But what happened to those first Andy Warhol digital art images that he produced when he was learning to use the Amiga?
Searching his office, which is full of Commodore mementos from the 1980s, Don had already found a box of Commodore floppies, including a disk labelled ‘Andy v27’ prior to my visit. Looking at it, the time that he spent with Andy and the launch of the Amiga 1000 came back to him vividly: ‘I remember looking at this disc and thinking [pause]… “Wow! Could this be the Andy Warhol pictures?” ’
It had been years since he had thrown out his own Amiga 1000. Within days of my visit, Don found an original Amiga1000 on eBay along with disks of the software, Deluxe Paint, the paint program marketed for the Amiga. In anticipation he loaded the disk. To his delight, the files were all there. To his chagrin, the files would not open. He remembered that the program used on the first Amiga operating system (and visible in the YouTube video when Andy created the Debbie Harry portrait) was Pro Paint.
Determined not to be defeated by ancient technology, Don joined several Amiga forums, made enquiries and procured various releases of Pro Paint. All the programs did, when attempting to open the pictures, was to reboot the Amiga. ‘Perhaps’, thought Don, ‘the files are just too corrupted after 20 years of being on the floppy’. But Don is not a man who gives up easily. He tried any paint program he could find. Nothing. Don returned to the Amiga user groups, quizzing them about the file’s structure. The replies came back: that file structure was from the pre-release version of Pro Paint — and nobody owns this program now.
Don looked at the growing pile of floppies and emails. Everywhere he turned doors were closing. Then, just as he decided it was time to put memories and this old technology to rest, he noticed a forum posting by Alessandro Barteletti regarding art on the early Amiga. Alessandro is a bright young Italian photographer who was just three years old when the Amiga was launched. Don and Alessandro started a correspondence, each as determined as the other to reclaim this piece of history. Alessandro confirmed that the files were still intact. While they seemed to be image files, however, every attempt to open them continued to end in machine reboots.
Then, Alessandro noticed a file on the disk designated ‘Andy’. In June 1985, no windows-like operating system existed, and what Don had was AmigaDOS. Programs were opened from a DOS prompt and everything had to be on the same disk to run. Those early programmers renamed the program ‘Andy’ to make it easier to run the software. Thus ‘Andy v27’ had nothing to do with Andy Warhol. It was the software to create the images. Here was the missing link, not ProPaint but a pre-release piece of software that was never marketed. It had been in Don’s possession all along. In fact, it may be the only copy left. Don had initially tried to open it, but when it crashed his machine he left it alone. Alessandro was positive this was the key to the restoration of the graphic files. But it wouldn’t run. Was this yet another brick wall?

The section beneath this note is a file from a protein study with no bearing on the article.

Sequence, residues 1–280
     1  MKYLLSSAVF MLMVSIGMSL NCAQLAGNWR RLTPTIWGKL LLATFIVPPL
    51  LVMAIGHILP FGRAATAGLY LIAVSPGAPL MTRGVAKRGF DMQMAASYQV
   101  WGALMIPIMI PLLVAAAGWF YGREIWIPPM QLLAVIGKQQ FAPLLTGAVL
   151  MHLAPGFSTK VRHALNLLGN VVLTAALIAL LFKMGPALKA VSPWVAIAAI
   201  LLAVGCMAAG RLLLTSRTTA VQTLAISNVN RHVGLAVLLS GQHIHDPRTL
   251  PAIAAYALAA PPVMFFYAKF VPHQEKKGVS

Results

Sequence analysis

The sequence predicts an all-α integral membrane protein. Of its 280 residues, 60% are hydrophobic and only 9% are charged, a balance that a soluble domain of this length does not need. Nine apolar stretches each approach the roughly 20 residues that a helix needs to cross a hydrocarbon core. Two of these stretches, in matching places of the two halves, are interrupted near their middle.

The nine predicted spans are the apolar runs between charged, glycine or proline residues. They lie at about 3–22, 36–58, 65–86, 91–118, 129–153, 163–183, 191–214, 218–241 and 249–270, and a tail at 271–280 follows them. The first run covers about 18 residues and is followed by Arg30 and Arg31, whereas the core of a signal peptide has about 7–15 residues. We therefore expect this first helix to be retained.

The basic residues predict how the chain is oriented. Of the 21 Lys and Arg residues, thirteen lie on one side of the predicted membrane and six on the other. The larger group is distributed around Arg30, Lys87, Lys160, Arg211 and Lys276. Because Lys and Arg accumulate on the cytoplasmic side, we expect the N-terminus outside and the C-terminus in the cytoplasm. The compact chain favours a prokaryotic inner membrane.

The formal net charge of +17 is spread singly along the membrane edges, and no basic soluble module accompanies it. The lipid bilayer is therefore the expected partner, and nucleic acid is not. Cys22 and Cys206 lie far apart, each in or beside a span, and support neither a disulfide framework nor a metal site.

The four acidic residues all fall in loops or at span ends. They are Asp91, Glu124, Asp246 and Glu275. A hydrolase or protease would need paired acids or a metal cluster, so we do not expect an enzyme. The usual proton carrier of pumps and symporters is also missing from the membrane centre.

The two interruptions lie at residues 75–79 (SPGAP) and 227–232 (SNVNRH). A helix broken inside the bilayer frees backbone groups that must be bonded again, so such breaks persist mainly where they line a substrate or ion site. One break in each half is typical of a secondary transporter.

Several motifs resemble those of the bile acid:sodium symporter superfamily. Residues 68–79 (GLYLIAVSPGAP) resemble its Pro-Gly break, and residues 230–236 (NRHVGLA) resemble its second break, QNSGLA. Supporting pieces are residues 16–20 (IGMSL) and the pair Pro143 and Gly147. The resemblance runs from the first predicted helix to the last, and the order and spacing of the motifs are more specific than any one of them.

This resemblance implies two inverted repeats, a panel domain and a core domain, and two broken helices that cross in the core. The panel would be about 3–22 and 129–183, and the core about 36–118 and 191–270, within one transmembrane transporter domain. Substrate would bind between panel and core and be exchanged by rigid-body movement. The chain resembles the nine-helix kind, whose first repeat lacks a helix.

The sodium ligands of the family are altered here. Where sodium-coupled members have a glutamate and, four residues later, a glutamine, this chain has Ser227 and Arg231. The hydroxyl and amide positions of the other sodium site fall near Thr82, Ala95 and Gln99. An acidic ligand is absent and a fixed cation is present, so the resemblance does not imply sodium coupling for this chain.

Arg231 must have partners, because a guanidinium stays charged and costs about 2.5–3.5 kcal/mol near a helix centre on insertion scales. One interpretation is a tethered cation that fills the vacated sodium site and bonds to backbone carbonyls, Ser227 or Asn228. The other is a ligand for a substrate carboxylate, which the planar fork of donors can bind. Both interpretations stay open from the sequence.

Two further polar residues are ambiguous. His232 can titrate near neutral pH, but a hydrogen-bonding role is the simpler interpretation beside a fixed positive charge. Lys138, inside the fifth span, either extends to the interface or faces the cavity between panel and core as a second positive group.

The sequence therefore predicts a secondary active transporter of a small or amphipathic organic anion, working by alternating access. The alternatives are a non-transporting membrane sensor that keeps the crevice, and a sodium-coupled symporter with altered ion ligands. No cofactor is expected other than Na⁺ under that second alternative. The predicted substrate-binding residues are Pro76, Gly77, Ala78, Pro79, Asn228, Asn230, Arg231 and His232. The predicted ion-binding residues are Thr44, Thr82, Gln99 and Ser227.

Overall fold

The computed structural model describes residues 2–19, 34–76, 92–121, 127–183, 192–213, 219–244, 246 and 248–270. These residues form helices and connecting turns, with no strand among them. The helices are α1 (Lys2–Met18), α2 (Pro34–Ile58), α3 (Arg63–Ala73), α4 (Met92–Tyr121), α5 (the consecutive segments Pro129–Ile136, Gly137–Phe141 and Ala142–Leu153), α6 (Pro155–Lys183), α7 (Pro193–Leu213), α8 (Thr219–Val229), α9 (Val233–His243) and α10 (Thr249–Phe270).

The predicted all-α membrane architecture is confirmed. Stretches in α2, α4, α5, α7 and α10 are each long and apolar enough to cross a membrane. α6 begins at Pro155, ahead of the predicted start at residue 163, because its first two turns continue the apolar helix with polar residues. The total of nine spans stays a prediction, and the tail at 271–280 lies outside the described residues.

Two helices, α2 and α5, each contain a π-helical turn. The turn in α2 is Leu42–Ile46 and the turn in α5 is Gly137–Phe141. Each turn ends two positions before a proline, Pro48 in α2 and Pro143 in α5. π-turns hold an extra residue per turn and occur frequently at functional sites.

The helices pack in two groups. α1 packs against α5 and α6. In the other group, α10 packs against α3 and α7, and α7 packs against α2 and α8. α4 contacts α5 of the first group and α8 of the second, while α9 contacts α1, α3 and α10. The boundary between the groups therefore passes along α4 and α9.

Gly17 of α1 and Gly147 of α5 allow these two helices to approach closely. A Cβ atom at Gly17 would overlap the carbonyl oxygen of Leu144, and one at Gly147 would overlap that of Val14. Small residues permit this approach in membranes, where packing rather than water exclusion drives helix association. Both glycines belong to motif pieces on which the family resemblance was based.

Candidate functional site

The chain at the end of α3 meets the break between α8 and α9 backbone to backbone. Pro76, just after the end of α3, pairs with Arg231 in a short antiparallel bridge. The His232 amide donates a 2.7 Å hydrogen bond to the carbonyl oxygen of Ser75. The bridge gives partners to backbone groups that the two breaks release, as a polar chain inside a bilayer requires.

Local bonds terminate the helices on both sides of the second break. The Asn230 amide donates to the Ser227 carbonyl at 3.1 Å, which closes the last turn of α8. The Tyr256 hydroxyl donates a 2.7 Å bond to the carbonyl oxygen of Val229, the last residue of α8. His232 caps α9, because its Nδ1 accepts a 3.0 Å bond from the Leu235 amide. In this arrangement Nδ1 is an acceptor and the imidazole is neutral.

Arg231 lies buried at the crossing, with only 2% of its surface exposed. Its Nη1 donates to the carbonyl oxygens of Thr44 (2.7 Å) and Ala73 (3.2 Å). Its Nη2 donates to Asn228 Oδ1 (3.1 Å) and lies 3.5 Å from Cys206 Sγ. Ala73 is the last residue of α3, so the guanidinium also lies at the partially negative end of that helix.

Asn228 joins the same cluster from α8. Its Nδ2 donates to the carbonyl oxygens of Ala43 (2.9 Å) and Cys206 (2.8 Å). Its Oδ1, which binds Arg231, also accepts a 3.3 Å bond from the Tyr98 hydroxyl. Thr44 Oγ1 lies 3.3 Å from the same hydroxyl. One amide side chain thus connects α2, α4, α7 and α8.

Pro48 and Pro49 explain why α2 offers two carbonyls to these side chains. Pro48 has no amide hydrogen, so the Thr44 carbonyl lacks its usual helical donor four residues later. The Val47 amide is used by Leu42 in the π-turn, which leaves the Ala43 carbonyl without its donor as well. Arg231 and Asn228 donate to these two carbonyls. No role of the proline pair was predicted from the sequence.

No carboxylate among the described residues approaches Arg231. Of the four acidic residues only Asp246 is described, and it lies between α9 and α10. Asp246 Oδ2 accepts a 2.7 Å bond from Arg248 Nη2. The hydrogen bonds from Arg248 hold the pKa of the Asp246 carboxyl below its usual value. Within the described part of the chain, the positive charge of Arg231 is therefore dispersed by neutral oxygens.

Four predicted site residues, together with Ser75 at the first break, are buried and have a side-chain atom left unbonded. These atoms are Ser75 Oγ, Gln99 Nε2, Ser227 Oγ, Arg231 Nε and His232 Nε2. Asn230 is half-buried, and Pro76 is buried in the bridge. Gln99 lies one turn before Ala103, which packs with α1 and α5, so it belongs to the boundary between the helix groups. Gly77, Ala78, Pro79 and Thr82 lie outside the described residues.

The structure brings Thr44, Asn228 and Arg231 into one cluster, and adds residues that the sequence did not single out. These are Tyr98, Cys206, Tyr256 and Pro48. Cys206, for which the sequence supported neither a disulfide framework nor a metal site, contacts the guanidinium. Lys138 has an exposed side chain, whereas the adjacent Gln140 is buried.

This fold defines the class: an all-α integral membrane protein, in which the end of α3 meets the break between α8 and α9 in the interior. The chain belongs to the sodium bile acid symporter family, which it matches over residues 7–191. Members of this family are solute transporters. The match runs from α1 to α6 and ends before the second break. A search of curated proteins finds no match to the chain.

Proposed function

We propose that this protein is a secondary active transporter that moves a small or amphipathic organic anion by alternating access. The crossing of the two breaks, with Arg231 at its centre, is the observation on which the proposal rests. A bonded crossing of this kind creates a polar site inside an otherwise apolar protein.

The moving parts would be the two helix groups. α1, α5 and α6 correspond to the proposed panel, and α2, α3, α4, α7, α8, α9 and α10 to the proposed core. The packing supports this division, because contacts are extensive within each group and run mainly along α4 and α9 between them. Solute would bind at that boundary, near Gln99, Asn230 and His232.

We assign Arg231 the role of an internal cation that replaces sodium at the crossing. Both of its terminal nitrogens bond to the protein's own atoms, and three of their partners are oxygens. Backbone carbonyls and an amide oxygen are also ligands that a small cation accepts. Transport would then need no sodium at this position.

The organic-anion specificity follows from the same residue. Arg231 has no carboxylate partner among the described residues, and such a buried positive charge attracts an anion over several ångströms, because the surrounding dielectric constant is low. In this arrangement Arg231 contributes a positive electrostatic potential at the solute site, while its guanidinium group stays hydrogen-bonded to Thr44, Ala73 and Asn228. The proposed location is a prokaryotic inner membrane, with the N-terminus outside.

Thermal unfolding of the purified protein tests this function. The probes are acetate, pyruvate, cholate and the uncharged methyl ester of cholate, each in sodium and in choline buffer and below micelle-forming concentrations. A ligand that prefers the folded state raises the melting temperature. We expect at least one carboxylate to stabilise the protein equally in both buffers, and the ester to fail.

Finally, Alessandro emailed Don with some exciting news. He had realized that owing to the way the Amiga handled memory, Don needed a pre-release version of the boot ROM, which the motherboard would need to run the disc. Alessandro painstakingly searched his sources and found a version of the June 1985 motherboard ROM. Lo and behold, he got ‘Andy’ to run. The screen showed ‘GraphiCraft Beta Release 06 for V27, 15 July 1985’, exactly as shown on the pictures displayed from the Amiga Lincoln Center launch. This was probably the first time in decades this software had been run.
Now Don was excited. Were the files still readable? He booted his Amiga 1000 with the pre-release ROM Alessandro had supplied. He inserted the floppy marked ‘Andy V27’ and got an Amiga Dos prompt. At the prompt he typed ‘andy’ and up popped GraphicCraft. He right clicked the toolbar and open picture was now a choice. Nine picture names were displayed. They opened. ALL OF THEM. For the first time in over 26 years Don was running GraphiCraft pre-release again and viewing Andy Warhol’s artwork! The images were exactly as he remembered them. He immediately emailed Alessandro, sharing his success.
Aided by the brilliant techno-sleuthing of Alessandro Barteletti, Don enjoyed the challenge and success of finally being able to open the disc and look down memory lane. This disc is Don’s own copy. He has now been able to copy the images to a PC format and they are saved as JPGs so I could also view them.
After my visit, while Don was amassing his new collection of Amiga hardware and software, he contacted the Andy Warhol Foundation for the Arts and the Andy Warhol Museum, as well as former assistants to Andy Warhol, to research more of this history. Vincent Fremont, who worked closely with Andy, remembers how Andy had learnt to use the Amiga computer at the 33rd Street studio and that there had been at least one disk of Andy's early computer art. Don is certain they met at the studio as his office was right next to where the Amiga was set up. Vincent did not, however, know what had become of the computer or the disc. He believes copies of the Commodore agreement with Andy are in the archives in Pittsburgh.
Nevertheless even if the Museum does have any of the Amiga floppies from the 33rdStreet studio, Don Greenbaum and Alessandro Barteletti take their place in history as the men who restored Andy’s first and, it would seem, only foray into digital art. Just as the great conservators of the past have been able to restore Great Masters, Don’s and Alessandro’s expertise and painstaking work have resurrected Andy’s images from the old technology. The ‘Nine Warhols’, all signed by him and including three self-portraits, waiting in the wings for over a quarter of a century, may yet take their rightful place amongst Andy Warhol’s oeuvre.